The Allahabad High Court on Monday has said that if a minor is kept in a protection home or child home by the order of the magistrate or Child Welfare Committee, then it cannot be considered illegal detention.
This decision was given on Monday by the full bench of Justice Sanjay Yadav, Justice M.C. Tripathi and Justice Siddharth Verma while disposing of the statutory questions raised in the Habeas Corpus petition of Kumari Rachna and others.
The full bench said that the Juvenile Justice Board or Child Welfare Committee or magistrate will be able to issue appropriate orders in accordance with the provisions of Section 37 of the Juvenile Justice Act and the will of the minor as per the care and safety requirements of the minor.
The Habeas Corpus writ petition has been filed by the petitioners seeking a writ of Habeas Corpus, commanding 4th respondent Superintendent, Children Home (Girl), District Saharanpur to release corpus/2nd petitioner Anchal, who has been illegally detained in the Children Home (Girl), District Saharanpur.
The FIR was lodged by the mother of the second petitioner on February 16, 2020, alleging that on February 15, 2020 her minor daughter Anchal, aged 17 years, has been enticed by one Arjun, S/o Rishipal.
She alleged that while leaving the house, the petitioner corpus had taken certain ornaments and the cash amount. She also alleged that the father, mother and brother of Arjun had helped him in taking the petitioner corpus.
The FIR was registered under Sections 363 and 366 of IPC against Arjun, his parents and relatives at Police Station Behat, District Saharanpur.
The Petitioner corpus was recovered on March 4, 2020 and on the same day, her statement under Section 161 Code of Criminal Procedure was recorded, wherein she alleged that as quite often, she was beaten by her mother and out of frustration, without
informing her parents, she had left home on February 15, 2020 and gone to the house of her friend namely Rachna, the first petitioner (sister of Arjun). She made a statement that she had gone of her own free will and was living with her friend.
She, however, refused to go for medical examination. As per High School Certificate, her age has been found to be 17 years, whereas per radiological examination conducted on March 6, 2020, her age was found to be about 20 years.
The mother of petitioner corpus also filed an application before the Chief Judicial Magistrate to the effect that the petitioner corpus is minor and, therefore, in the interest of justice, she may be sent to Balika Vikas Grih/Child Development Home.
The finding was recorded by the Magistrate, determining the age of petitioner corpus to be 17 years. The Magistrate had directed for producing her before Bal Kalyan Samiti/Child Welfare Committee for issuance of further direction with regard to the custody of petitioner corpus.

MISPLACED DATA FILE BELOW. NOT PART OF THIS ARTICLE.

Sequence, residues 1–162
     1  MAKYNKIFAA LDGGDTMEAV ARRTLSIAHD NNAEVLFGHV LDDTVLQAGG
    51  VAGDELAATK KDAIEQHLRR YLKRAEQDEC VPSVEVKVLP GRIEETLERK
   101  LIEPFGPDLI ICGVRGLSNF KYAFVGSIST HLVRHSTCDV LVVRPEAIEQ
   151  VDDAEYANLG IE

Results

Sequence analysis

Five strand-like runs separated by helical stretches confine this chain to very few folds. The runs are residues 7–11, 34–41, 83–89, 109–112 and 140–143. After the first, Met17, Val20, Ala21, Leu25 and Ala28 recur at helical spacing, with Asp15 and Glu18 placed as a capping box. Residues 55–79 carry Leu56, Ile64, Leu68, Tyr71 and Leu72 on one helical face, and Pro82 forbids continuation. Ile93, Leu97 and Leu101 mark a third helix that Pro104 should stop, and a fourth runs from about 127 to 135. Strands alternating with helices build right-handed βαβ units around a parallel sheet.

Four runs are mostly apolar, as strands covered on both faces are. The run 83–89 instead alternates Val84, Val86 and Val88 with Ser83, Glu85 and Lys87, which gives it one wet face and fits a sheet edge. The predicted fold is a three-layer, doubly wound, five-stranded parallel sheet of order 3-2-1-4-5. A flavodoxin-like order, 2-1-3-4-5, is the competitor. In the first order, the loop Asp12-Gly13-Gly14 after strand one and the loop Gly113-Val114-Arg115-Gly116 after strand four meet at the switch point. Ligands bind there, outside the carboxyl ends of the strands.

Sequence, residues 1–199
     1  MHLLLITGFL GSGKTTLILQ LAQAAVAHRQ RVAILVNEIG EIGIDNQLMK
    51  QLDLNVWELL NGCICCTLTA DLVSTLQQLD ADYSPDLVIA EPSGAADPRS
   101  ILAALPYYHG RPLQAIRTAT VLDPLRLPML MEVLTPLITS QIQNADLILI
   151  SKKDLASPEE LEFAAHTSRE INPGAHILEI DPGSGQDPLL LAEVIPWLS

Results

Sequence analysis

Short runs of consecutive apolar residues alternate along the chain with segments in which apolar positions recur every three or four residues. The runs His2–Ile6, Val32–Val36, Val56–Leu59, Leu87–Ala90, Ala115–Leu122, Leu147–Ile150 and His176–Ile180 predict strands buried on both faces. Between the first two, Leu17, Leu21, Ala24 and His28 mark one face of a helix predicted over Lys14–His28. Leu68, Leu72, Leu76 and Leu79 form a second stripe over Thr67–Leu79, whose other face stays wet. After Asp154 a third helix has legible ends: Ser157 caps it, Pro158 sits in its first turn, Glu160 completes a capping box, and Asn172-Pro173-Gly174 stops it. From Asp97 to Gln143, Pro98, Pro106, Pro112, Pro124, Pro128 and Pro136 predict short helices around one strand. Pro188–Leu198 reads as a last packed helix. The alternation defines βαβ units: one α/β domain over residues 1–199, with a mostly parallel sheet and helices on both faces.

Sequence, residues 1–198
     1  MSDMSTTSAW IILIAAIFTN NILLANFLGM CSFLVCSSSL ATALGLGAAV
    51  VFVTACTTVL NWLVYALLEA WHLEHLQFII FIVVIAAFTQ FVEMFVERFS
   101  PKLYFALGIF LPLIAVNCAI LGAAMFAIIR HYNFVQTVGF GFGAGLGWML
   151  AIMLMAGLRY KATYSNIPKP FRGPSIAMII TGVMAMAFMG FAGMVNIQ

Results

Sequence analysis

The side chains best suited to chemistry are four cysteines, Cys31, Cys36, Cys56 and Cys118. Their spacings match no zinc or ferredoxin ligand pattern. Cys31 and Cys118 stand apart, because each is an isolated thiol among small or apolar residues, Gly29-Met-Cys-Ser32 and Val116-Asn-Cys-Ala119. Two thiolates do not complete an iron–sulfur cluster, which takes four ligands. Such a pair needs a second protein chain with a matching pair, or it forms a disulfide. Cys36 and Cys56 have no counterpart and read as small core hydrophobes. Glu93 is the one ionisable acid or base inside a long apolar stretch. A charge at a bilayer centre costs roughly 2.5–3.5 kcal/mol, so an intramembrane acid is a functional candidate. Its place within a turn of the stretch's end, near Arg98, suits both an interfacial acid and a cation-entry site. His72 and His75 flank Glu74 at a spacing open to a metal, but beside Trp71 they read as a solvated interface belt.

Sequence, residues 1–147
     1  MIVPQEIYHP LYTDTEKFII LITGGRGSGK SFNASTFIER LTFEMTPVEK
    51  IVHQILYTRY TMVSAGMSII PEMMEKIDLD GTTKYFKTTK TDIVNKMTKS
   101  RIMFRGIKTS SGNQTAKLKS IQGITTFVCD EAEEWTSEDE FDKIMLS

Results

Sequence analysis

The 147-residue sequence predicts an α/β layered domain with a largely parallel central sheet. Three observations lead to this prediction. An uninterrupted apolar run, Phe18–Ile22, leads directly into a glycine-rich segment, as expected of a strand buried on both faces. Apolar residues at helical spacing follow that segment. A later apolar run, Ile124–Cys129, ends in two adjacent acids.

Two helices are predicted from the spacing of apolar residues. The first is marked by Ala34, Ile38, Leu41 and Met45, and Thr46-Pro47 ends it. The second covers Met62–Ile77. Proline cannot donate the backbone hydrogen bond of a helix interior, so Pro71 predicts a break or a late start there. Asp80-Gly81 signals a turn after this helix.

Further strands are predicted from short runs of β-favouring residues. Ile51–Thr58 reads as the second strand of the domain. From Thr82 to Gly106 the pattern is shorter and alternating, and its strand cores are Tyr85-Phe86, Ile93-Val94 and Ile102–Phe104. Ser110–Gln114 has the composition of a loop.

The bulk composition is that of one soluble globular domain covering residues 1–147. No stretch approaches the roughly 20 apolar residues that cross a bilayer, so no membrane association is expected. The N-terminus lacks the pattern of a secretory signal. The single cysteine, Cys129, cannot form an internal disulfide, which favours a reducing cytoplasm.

The order passed by the Magistrate, the petitioner corpus was produced before the Committee and an order was passed by the Committee for keeping her in Children Home (Girl). Pursuant to the said order, the petitioner corpus is in Children Home (Girl) Saharanpur.
A.G.A. opposed the Petition by claiming that the petitioner corpus is minor as per her date of birth recorded in the High School certificate.
It has been urged that the age of the Petitioner Corpus is to be determined by applying the principles provided in Section 94 of the J.J. Act under which primacy is to be recorded to the date of birth entered in the educational certificate over the medical evidence.
It has also been objected by A.G.A. that the writ of habeas corpus is not maintainable as the order has been passed by the Committee pursuant to the order of the Magistrate and the judicial order, right or wrong cannot be questioned/assailed in Petition seeking Writ of Habeas Corpus.
The Bench has also proceeded to observe that apart from above mentioned cases, attention of this Court has also been drawn to many other cases, wherein issuance of a writ of habeas corpus has been held to be maintainable, whereas in some cases, the view of this Court is otherwise. Such situation impelled the Division Bench for formulating the aforementioned questions to be decided by the larger Bench.
Thus, it is evident that a writ of Habeas Corpus would not be maintainable, if the detention in custody is pursuant to judicial orders passed by a Judicial Magistrate or a Court of competent jurisdiction or by the Child Welfare Committee.
Suffice to indicate that an illegal or irregular exercise of jurisdiction by the Magistrate passing an order of remand or by the Child Welfare Committee under J.J. Act cannot be treated as an illegal detention.
Such an order can be cured by way of challenging the legality, validity and correctness of the order by filing an appropriate proceeding before the competent appellate or revisional forum under the statutory provisions of law but cannot be reviewed in a petition seeking writ of habeas corpus.